Arie Luyendyk (69) follows the Miami Grand Prix on Sunday at home in front of the television in Arizona, United States. The former driver, who grew up in IndyCar, is hoping for a victory for Max Verstappen (25) in the Formula 1 race on the street circuit around Hard Rock Stadium. “Of course I’ll watch,” late The Flying Dutchman know from the United States. “I’m a big fan of Max.”
Luyendyk and Verstappen are two big names in the Dutch racing world. Both famous in the United States, but in two different branches of motorsport. Luyendyk won the 1990 and 1997 Indy 500 at the famed Indianapolis Speedway. The famous race is part of the IndyCar series, which takes place on circuits, street races and oval is trained. Verstappen managed to win a US Grand Prix three times at the F1 circuits of Austin (2021 and 2022) and Miami (2022). This Sunday, Verstappen will start the world championship classification at the 5.4 kilometer circuit in Miami Gardens.
The more different the races, the more different the crowd. The Indy 500 – a 200 lap race held annually at the end of May on the weekend of Remembrance Day over a distance of 500 miles (805 kilometres) – is experienced by spectators as a festival where entertainment and sports days go hand in hand. Fans sleep in RVs, barbecue in the parking lot, drink gallons of beer and view the Indy 500 as an annual outing. The cheapest tickets for the race are standing room at 40 euros. “The paddock is open and fans can see the mechanics at work for themselves. The atmosphere is very relaxed,” says Luyendyk. “The crowd is an integral part of IndyCar.”
The contrast with the atmosphere of Formula 1 in Miami is great. No picnic from the car here. Those who want to access the Miami Gardens circuit on Sunday must pay 700 euros for a grandstand ticket. Formula 1 in the United States, even more than in Europe or Asia, is in practice mainly aimed at the jet set. “Audience in the stands with milkshakes and expensive sunglasses. It’s a completely different experience from the typical American Nascar or IndyCar,” says Dutchman Robin Bilkert. As the manager of GP Incentives and Grand Prix Ticketshop, he organizes trips of all shapes and sizes to the various Grand Prix. “A ticket to the Miami paddock costs 10,000 euros. Then there are hotel and food costs. It is therefore full of all kinds of stars who want to see and be seen.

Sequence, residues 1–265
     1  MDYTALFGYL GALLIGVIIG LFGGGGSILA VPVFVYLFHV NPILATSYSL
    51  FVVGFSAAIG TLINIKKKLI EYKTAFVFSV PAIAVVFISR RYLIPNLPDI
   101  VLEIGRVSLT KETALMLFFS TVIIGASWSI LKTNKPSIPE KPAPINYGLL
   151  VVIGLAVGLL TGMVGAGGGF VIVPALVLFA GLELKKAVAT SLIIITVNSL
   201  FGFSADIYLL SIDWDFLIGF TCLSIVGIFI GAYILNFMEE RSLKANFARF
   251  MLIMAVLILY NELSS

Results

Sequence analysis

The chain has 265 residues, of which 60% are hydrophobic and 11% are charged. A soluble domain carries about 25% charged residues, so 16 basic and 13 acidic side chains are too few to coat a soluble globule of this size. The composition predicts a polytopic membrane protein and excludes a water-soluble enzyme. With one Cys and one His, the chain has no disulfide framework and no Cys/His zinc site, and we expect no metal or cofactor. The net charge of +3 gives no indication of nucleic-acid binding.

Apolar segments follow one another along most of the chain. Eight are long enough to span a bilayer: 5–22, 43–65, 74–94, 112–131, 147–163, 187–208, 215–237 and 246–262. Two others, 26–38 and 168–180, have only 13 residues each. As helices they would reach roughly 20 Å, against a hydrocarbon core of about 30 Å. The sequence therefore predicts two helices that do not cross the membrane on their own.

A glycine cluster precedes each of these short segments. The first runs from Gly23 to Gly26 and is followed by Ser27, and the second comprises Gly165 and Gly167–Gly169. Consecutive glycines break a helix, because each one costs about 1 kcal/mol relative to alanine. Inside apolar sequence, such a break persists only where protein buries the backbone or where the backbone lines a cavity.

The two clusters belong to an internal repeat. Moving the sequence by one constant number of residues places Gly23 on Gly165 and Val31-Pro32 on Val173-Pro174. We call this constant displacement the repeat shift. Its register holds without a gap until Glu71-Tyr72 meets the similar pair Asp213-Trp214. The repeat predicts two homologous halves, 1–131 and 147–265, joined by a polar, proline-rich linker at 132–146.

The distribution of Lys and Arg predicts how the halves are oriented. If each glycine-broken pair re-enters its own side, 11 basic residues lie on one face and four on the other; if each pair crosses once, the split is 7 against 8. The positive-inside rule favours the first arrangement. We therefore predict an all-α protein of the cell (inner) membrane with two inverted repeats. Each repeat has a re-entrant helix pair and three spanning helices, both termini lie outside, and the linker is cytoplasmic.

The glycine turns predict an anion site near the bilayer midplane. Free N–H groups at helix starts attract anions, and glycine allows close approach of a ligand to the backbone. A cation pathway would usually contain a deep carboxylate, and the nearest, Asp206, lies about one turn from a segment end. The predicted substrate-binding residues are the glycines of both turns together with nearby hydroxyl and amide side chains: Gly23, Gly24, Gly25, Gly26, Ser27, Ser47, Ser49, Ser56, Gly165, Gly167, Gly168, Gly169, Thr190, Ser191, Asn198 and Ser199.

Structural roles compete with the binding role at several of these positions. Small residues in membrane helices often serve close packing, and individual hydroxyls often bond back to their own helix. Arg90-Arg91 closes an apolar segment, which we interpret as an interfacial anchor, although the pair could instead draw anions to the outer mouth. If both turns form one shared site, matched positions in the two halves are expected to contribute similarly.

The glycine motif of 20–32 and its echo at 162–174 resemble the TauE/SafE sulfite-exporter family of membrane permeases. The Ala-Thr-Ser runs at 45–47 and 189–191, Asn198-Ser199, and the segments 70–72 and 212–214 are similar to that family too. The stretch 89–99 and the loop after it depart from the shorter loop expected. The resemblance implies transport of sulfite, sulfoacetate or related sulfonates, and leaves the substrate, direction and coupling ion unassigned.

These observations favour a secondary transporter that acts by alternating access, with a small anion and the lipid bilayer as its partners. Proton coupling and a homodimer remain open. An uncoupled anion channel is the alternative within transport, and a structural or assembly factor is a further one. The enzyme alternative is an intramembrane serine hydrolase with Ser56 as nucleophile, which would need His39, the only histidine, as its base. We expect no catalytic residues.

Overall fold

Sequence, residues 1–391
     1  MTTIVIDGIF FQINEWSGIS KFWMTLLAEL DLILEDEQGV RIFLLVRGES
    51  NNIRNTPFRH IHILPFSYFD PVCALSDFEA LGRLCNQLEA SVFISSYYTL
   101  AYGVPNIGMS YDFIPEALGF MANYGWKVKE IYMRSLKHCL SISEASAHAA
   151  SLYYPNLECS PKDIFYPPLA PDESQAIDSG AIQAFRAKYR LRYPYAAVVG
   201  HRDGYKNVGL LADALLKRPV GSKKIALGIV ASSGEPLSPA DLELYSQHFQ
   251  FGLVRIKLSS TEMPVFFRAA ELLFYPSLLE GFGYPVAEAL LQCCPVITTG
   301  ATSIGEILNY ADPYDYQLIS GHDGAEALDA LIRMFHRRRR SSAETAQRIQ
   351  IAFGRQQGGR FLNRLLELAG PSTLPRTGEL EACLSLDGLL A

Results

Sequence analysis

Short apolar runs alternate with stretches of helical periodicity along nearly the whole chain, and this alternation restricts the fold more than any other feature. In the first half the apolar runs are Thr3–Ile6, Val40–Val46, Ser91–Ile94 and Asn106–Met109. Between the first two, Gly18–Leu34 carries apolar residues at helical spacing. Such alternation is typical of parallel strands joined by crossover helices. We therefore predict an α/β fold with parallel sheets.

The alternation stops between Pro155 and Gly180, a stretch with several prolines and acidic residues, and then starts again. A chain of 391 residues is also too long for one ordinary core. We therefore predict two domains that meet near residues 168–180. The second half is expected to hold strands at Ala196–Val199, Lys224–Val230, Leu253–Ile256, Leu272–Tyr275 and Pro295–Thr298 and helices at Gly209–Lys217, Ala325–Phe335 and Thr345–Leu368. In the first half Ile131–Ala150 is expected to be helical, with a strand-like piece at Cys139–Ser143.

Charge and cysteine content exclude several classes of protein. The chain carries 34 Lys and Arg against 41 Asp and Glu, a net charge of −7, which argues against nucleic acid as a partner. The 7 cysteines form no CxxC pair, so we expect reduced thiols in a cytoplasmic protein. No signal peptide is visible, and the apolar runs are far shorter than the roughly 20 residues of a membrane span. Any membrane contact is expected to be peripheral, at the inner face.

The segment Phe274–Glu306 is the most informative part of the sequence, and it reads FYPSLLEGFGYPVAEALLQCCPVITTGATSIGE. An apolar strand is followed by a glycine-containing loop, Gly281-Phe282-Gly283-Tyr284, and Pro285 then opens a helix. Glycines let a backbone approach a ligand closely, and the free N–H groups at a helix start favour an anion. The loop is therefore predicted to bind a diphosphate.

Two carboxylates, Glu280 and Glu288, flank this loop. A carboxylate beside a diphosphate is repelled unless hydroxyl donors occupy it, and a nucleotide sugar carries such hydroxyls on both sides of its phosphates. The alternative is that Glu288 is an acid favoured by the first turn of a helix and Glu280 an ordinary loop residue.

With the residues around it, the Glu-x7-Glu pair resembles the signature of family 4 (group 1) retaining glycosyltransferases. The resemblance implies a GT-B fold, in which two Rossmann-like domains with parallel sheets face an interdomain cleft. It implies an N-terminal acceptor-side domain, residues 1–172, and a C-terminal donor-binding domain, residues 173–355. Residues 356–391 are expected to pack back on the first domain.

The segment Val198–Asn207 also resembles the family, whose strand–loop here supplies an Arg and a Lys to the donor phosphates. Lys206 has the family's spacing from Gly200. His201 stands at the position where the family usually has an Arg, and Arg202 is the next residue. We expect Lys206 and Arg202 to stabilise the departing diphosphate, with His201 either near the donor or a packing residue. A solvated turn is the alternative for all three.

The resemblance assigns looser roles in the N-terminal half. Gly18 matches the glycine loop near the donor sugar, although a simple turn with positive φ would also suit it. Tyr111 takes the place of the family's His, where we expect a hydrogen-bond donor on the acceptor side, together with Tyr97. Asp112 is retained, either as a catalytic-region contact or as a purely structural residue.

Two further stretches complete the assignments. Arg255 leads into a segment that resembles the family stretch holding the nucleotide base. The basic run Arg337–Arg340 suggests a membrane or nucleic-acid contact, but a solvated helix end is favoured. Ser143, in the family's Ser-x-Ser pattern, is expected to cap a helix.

Although Formula 1 is rapidly gaining popularity in the United States, the three races this season are still in the shadow of IndyCar. There is also only one American F1 driver, Logan Sargeant (Williams). The Indy 500 was first held in 1911 and, along with the Monaco Grand Prix and the 24 Hours of Le Mans, is one of the Motorsport Triple Crown. Luyendyk became a national hero in the United States thanks to his two victories in Indianapolis and therefore has a completely different status from that of Verstappen, who triumphed in Monaco in 2021. Bilkert: “Luyendyk has become Americanized and has been adopted by the people. Verstappen is much less popular in the United States as an outsider. You’ll see in Miami, for example, that many Latinos will cheer on Mexican teammate Sergio Pérez.
Talent and audacity
Luyendyk can explain the difference between racing in Europe and the United States like no one else. Born as Arie Luyendijk in Sommelsdijk in South Holland, he grew up in the Dutch racing world with his father. As the so-called Formula Super Vee champion, he entered Formula 3 with Jan Lammers and Huub Rothengatter for Racing Team Holland in 1978. Luyendyk lacked the financial resources to really compete. Lammers and Rothengatter would later drive in Formula 1, Luyendyk looking for his chance in the United States.
There he found himself in a world where talent and daring played a more important role than a sponsor with a big bag of money. “I had a new chance in America,” says Luyendyk. “If you could show that you could drive, then you had more options than in Europe. After one race I was already offered a place, without having to pay any money for it. That’s how that it all started for me in the 80s.”